• @leftaroundabout - Here you go - scicomp.stackexchange.com/questions/11830/… – gansub Jul 11 '18 at 13:36

Validation is done by hindcasting, not by reversing the time axis, which seems to be what you're asking about. In hindcasting, we take the state at some time in the past, apply our weather models to that state (and the state before it), run the forecast model, and compare that to the reference state¹ ahead of that point in time.

There is a concept called backtracking, which is (for example) used to calculate where particulates have been first emitted (so we measure some plume, and calculate this originated 18 hours ago at a particular source). But this assumes knowledge of present and past winds, and is therefore different from what you ask.

Reversing the time axis would involve water falling up to the clouds and cyclones moving equatorward and turning into potential vorticity. It seems involved and I'm not sure what benefit would be. I don't think this can be done with existing models, and it would be a lot of effort to make it work.

¹ It's not as simple as that, because the full "actual state" also involves modelling to "fill in the gaps" in time and space, between all the times and places where we have measurements. This is known as re-analysis.

• Maybe "will be done" instead of "can be done". It seems to me that, given enough research effort, it could be done. But the benefit is questionable, so it likely won't be done. – Ian MacDonald Jul 9 '18 at 13:32
• @IanMacDonald Right. I just meant that it's not supported by current models, but of course, it can theoretically be developed given enough time and expertise. Edited for clarity. – gerrit Jul 9 '18 at 13:36

A completely different approach to the one leftroundabout pointed out is to use recurrent neural networks. These were made to predict the future development of a time series by first learning the hidden model itself and then using it to guesstimate the future values. The advantage of this method is, that not even the slightest knowledge about meteorology is needed, all the modelling of the weather system is done by the algorithm training the neural network.

In fact there was a Kaggle competition with the task to predict rainfall from past data: http://simaaron.github.io/Estimating-rainfall-from-weather-radar-readings-using-recurrent-neural-networks/ . The winner used recurrent neural networks.

In the case of predicting past values from current values the same architecture can be used, as it can learn the backward model as directly as a forward model.

• And can those be used to reverse the time axis? I imagine that a purely statistical approach could, but you're not actually addressing the core question in this answer. – gerrit Jul 12 '18 at 7:07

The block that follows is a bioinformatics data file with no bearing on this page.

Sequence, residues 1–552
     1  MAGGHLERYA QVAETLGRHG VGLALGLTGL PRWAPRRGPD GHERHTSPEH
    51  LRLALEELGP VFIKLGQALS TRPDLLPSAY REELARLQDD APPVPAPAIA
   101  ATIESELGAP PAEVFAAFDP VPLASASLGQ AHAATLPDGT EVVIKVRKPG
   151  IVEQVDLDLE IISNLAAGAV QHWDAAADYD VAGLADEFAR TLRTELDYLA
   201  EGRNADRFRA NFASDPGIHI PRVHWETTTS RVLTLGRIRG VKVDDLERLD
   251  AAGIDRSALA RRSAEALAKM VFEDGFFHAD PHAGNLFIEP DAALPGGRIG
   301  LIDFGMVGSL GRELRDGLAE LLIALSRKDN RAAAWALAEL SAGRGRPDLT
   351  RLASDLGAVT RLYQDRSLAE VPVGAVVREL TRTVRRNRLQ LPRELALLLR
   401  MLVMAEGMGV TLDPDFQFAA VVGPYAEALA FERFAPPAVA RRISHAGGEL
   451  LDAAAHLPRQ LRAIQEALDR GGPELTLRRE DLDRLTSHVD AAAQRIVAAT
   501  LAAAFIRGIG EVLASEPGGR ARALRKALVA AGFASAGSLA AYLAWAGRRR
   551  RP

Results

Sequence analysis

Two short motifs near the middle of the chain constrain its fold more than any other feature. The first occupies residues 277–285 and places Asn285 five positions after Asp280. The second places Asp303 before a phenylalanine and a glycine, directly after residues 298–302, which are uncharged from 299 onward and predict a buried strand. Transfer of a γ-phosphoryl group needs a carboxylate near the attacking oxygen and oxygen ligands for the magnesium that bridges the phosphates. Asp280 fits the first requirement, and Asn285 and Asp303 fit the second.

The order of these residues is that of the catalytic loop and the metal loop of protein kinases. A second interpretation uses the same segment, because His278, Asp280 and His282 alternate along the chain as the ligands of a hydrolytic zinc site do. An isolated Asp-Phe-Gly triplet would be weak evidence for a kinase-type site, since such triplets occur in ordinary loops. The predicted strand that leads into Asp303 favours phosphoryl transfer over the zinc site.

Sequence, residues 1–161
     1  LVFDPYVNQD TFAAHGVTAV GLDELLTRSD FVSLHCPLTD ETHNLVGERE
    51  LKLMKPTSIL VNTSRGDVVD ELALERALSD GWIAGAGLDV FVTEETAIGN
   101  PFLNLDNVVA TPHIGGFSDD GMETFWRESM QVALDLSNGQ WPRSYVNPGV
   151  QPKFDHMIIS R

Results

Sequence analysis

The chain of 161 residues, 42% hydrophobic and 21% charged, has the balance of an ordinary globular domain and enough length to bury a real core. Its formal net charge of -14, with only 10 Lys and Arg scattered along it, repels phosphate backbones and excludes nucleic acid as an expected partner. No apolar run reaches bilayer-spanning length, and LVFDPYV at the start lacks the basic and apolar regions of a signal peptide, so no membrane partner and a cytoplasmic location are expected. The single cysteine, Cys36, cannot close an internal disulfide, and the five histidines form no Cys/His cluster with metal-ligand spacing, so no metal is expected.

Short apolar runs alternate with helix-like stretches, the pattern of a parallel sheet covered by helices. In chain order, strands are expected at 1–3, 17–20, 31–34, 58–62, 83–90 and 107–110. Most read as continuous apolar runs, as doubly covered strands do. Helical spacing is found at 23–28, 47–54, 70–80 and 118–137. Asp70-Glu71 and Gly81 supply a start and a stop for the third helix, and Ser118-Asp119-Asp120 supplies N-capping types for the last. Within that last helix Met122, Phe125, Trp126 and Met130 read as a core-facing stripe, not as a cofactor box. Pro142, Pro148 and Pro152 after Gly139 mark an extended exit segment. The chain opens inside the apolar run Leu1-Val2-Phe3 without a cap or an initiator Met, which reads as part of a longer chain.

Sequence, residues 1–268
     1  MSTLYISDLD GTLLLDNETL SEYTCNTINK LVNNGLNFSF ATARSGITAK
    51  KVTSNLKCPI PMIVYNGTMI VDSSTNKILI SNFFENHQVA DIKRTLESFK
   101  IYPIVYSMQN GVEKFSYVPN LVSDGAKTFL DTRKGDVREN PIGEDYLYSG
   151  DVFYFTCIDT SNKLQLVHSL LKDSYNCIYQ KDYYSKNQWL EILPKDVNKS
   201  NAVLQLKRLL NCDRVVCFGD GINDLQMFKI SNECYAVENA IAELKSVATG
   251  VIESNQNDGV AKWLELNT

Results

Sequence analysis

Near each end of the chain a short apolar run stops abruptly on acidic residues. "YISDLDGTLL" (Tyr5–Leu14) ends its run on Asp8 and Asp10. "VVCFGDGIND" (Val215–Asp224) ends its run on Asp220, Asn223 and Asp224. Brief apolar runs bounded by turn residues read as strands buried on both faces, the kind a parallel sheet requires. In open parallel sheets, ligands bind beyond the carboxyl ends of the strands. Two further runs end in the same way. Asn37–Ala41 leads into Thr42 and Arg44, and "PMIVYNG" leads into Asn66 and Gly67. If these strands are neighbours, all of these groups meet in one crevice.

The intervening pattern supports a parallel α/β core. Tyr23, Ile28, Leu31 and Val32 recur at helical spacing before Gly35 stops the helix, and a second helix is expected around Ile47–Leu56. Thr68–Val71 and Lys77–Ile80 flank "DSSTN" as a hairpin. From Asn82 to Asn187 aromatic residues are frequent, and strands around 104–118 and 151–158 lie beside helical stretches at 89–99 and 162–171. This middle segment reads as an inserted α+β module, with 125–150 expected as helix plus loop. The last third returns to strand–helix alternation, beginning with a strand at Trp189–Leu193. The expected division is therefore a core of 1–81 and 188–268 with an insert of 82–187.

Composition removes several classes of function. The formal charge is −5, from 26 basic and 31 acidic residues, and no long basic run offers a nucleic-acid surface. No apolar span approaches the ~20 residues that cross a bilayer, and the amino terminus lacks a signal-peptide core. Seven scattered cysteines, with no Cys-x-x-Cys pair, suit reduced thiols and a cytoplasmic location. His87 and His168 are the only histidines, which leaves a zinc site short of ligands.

In a nutshell, no.

The reason why is because of the Butterfly Effect. In a system where the current state depends on the previous state in an iterative way, you can get chaotic effects. Chaotic effects can magnify extremely tiny inputs to gigantic changes over time.

This was first noted by the excellent mathematician and meteorologist Edward Lorenz. This is a decent explanation of how he came to notice that the equations predicting the weather are extremely sensitive to current conditions. You simply can't build a computer with enough sensitivity to do a good job.

Since tiny fluctuations can cause huge effects over time, you have to ask yourself - how much information can your simulation encompass? Lorenz showed that tiny things can change the entire landscape over time. To be accurate, a simulation would have to take into account every source of small changes - sunspot activity, the wobble of the moon, the gravitational tug from Pluto...the list is endless.

So unfortunately for a chaotic system like weather, you can't predict with any accuracy previous or future states.

• While Chaos Theory is indeed valid (leftaroundabout goes into great summarization of the mathematics of how it really works)... we can still make very good predictions at a certain length. Your answer makes it sound like all forecasting is hopeless. – JeopardyTempest Jul 10 '18 at 0:54
• In particular, "you can't predict with any accuracy previous or future states"... for example, NHC 48 hour tropical cyclone track forecasts are down to about 75 miles average error (whereas persistence+climatology is around 225 miles)... and continues to show improvement by on the order of 25% per decade. In the grand scheme, the window of predictability is pretty limited... but you certainly CAN with some accuracy predict some future states. – JeopardyTempest Jul 10 '18 at 0:56
• @JeopardyTempest, you are correct. Some prediction is of course possible, I did somewhat overstate the case when I said that any accuracy for all states is impossible. Mathematically that is true, but in practice it is not. You can predict some future states with the caveat that you understand that it is an approximation and not an exact representation, and with weather being a chaotic system it will diverge from your expectations fairly quickly. – BoredBsee Jul 10 '18 at 14:25